Valebridge Common Field, Burgess Hill

Coronation Meadow

The surprise and delight of visiting ecologists when we show them the meadow full of flowering dyers’ greenweed in summer

- Dr. Margaret Pilkington of Sussex University

Valebridge Common Field is a 5.1 ha site, part of Bedelands nature reserve, Worlds End, Burgess Hill which is a unique collection of meadows and woodlands open to the public. Valebridge Common Field contains many iconic Wealden wildflowers. Originally part of the Manor of Keymer, it was farmed as pasture prior to its ownership by Mid Sussex District Council. This gave rise to characteristic grasslands resulting from grazing and hay cropping. These meadows are now managed to enhance the already-rich diversity of wildflowers.
Among the sweet vernal grass in Valebridge Common Field is adder’s-tongue fern, dyers’ greenweed, grass vetchling, damp-loving sneezewort, birds’ foot trefoil, knapweed, ox-eye  daisy, yellow rattle, common spotted orchids and many others. These encourage a rich variety of invertebrates. Seed is taken to enhance or create new Wealden meadows during most years.

Owned and Managed by

Mid Sussex District Council

Species to spot



  • Adder’s-tongue fern

    When to see: June - August

    Its bright green, serpentine spike is a distinctive sight and likely the "adder's tongue" in question. A good indicator of ancient meadows. Image © Andrew Gagg/Plantlife.

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  • Common knapweed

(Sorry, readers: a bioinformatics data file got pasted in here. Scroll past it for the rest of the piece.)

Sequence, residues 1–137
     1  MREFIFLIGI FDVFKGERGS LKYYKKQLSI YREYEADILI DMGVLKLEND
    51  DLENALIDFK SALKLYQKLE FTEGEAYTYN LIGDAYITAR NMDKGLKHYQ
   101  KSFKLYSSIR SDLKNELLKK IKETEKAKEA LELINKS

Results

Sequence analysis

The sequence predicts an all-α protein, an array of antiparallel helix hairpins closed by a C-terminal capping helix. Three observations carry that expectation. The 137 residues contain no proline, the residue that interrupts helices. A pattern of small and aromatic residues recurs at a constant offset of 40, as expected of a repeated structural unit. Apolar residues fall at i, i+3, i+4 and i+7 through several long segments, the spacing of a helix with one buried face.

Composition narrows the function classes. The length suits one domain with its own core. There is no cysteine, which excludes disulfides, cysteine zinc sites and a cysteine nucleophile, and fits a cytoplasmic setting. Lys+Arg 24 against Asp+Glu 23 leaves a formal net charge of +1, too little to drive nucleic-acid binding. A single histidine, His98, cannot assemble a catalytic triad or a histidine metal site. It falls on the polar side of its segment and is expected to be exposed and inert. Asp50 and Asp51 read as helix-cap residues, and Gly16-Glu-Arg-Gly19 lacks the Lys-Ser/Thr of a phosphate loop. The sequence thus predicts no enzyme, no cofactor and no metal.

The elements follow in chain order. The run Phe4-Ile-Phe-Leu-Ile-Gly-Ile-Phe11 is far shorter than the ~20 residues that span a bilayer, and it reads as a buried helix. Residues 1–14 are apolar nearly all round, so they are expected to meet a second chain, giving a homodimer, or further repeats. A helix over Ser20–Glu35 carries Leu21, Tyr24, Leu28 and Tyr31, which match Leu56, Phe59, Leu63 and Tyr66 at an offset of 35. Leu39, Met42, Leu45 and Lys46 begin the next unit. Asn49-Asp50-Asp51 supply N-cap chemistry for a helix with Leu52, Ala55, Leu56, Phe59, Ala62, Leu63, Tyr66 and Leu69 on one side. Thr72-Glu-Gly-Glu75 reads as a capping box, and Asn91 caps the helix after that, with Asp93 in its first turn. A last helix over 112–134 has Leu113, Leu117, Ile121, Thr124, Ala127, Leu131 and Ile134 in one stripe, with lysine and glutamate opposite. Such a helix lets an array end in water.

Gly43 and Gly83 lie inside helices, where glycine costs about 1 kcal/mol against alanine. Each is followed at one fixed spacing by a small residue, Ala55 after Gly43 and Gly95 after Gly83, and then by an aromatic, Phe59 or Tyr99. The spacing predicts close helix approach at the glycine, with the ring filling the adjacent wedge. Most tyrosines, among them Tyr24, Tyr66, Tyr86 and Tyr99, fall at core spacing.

Best time to see: June - Sept

    A thistle-like plant also known as 'black knapweed', although its flowers are actually bright pink. It is a popular source of nectar for the Red Admiral, Meadow Brown, Peacock, Painted Lady and many other butterflies.

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  • Bird’s-foot trefoil

    Best time to see: May-Sept.

    Also known as 'eggs and bacon', Bird's-foot trefoil is a good source of nectar for insects and forage for cattle. The 'bird's-foot' of its name refers to the shape of its seed pods.

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  • Common spotted-orchid

    Best time to see: June - July

    Our most common orchid enlivens many places, particularly chalk and limestone downs. Its flowers can vary from deep to light pink and the leaves are marked with spots. 

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  • Marbled white butterfly

    Best time to see: June - Aug.

    A distinctive medium-sized white butterfly, with black-chequered markings, often be found feeding on purple flowers such as common knapweed. The caterpillars feed on grasses. Image © Adam Hincks/CC BY_SA

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